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Why reserved matters matter

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Three recent cases provide reminders to take care with the wording of reserved matters conditions

Reserved matters are those matters of detail not dealt with on the grant of outline planning permission, for which approval must subsequently be obtained. In practice, it specifically refers to siting, design, external appearance, means of access or landscaping.

Here we examine some case studies which highlight the imperatives implicit in reserved matter judgements.

In Case 1, outline permission was granted in 1995 for the redevelopment of a former power station site for a mix of uses including retail and business ( R v Leicester City Council ex parte Powergen UK plc [1999] EGCS 130).

A condition required the submission of reserved matters for 'the development' before 25 January 1998 (three years from the grant) and another condition that approval be obtained 'before the development is begun'.

In November 1997, a reserved matters application, which was eventually approved, was made for a part of the development, a retail food store. In August 1998 the developer applied to vary the conditions so as to extend the time limit. The council refused the application on the grounds that changed policies favouring city centres meant that the food store on this site was no longer acceptable.

The developer sought a judicial review, arguing that it was unreasonable for all the reserved matters to be approved before any of the development could be begun.

The judge held that all reserved matters had to be submitted before development could begin and that it was open to the council to reconsider the principle on receiving a new planning application.

This extreme example should serve to warn architects to always discuss conditions and ask for, if they are not offered, a copy of the final draft report so they can comment. Officers will nearly always accept practical reasoning relating to the wording of conditions, not wishing them to undermine the permission which they are (generally) about to recommend.

More common is the call for submission and approval of all reserved matters before the development begins, which - in practice - would seriously delay the construction - approval of sample roof tiles hardly being needed to get groundworks under way. Look out for this before it is too late and get such conditions worded to the effect that 'submission and approval of reserved matters should be obtained before the related element of the development is commenced'.

Off to a bad start

So when does the development begin? In Case 2, permission was granted in 1988 to demolish a house and build another on the site, subject to a condition that work should begin before 4 July 1993 (Riordan Comms Ltd v S Bucks DC, QB Div, 2.12.99). On 30 June of that year, work did start - demolitions and foundations for the garage - but they then ceased until 1997. Then it restarted and the council claimed that the permission had lapsed because the 1993 works were not carried out with the necessary genuine intention of completing the development. They argued that the developer did not carry out material operations as required by s.56 of the 1990 Act unless, at the time he began the relevant works, he did so with the intention of completing the development.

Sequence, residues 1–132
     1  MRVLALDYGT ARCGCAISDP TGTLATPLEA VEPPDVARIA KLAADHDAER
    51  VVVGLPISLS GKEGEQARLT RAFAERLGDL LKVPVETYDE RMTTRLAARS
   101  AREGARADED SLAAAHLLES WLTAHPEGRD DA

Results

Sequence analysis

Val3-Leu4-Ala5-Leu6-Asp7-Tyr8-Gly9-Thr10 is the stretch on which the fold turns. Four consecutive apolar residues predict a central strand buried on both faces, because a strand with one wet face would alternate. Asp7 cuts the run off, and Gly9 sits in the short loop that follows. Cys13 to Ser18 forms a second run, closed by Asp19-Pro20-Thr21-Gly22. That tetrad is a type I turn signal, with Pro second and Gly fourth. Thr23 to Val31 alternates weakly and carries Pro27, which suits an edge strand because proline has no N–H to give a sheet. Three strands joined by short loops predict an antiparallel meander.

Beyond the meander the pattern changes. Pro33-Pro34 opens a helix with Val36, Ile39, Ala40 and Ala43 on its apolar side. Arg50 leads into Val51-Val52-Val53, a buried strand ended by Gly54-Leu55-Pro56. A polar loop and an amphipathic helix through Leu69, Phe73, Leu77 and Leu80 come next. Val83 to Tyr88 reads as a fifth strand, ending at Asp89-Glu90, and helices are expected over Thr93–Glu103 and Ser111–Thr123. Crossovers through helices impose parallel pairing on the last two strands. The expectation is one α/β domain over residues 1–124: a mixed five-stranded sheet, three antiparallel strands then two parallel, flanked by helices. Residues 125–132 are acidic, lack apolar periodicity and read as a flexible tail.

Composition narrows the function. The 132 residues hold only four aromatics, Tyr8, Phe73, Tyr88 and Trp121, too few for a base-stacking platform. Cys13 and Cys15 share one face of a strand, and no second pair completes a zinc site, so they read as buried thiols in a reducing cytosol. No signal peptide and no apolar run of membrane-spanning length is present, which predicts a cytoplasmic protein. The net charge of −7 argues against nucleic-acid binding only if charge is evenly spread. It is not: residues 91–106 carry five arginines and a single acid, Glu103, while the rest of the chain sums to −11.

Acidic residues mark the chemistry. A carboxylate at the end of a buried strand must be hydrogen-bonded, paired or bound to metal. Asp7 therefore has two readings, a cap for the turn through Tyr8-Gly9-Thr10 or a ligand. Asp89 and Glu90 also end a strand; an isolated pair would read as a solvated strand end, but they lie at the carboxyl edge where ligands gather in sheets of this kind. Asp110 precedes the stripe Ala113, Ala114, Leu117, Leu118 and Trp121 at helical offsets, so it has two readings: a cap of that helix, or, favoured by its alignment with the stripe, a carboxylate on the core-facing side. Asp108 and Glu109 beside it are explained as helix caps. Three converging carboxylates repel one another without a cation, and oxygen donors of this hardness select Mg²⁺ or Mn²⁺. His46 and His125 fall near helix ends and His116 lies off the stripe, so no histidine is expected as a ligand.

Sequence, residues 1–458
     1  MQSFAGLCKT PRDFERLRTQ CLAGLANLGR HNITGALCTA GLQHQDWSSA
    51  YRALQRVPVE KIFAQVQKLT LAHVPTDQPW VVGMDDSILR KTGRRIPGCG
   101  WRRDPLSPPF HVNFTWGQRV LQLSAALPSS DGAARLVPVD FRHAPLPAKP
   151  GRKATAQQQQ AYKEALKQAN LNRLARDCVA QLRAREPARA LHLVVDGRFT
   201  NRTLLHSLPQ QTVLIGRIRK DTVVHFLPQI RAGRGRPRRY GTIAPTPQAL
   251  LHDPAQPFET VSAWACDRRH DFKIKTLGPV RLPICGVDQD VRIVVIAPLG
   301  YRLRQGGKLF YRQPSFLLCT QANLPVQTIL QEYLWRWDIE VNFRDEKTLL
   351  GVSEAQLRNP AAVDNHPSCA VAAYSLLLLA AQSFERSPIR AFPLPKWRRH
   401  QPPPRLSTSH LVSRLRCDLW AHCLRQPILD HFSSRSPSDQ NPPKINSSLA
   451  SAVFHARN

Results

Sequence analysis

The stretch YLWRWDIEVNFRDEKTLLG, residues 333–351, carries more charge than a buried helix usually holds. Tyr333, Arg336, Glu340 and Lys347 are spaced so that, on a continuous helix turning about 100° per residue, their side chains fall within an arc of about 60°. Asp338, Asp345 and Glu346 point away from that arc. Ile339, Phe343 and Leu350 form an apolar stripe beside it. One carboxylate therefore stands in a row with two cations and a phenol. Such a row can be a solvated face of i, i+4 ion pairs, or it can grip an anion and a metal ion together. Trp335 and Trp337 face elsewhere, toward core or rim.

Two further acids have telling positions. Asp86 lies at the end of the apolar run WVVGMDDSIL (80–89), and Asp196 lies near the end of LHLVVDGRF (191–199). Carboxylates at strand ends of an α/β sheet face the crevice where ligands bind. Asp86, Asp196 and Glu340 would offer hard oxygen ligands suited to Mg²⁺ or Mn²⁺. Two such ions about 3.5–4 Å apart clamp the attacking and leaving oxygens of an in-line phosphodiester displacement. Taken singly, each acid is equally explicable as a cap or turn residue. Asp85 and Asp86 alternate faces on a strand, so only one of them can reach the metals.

The court however applied the principles of the Pioneer Aggregates case on extinguishment of planning permission and held that there was no justification for implying a subjective intention in the provisions of s.56. Otherwise, they held, the consequence would be the loss of a property right, which could only be removed by the law. The work, they decided, met with the requirements of s.56, having been done in accordance with the planning permission and being comprised in the development.

However, they stated that the conditions - including any reserved matter approvals - must have been complied with when the works started. Don't forget that there needs to be evidence of the date of commencement, just in case there is a challenge from the planning authority.

Short-term London letting

Given the rising prices of the residential property market, the pressure for short-term letting has encouraged the development of the 'apart-hotel', a type of hotel which generally does not conflict with residential neighbours, as many hotels do. The law governing change of use, applied to shortterm letting, is confined to Greater London and is fairly obscure, so be aware of its clauses and point them out to your client.

In Case 3, Westminster City Council enforced against a block of nearly 90 flats in Park Lane - whose authorised use was residential - for unlawfully letting flats short-term (meaning fewer than 90 nights in the GLC (General Powers) Act: 1973. The owner challenged the council in the High Court but his application to amend the law was rejected (Hyde Park residents Ltd v SoS and WCC [1999] JPL 897).

This case highlights the situation that changes from residential use to 'temporary residential accommodation' do not involve development within the meaning of the 1990 Town & Country Planning Act. Instead, they refer to the 1973 Act, which specifically provides for planning control to apply to a particular type of use within a defined geographical area. The 1990 Act and Use Classes Order should not be construed as repealing, modifying or 'dis-applying' the effect of the local 1973 Act.

The disastrous consequences of the above cases reiterate the fact that ignorance, in all things legal, is no defence.

Brian Waters is principal of the Boisot Waters Cohen Partnership.

Tel 020 7828 6555

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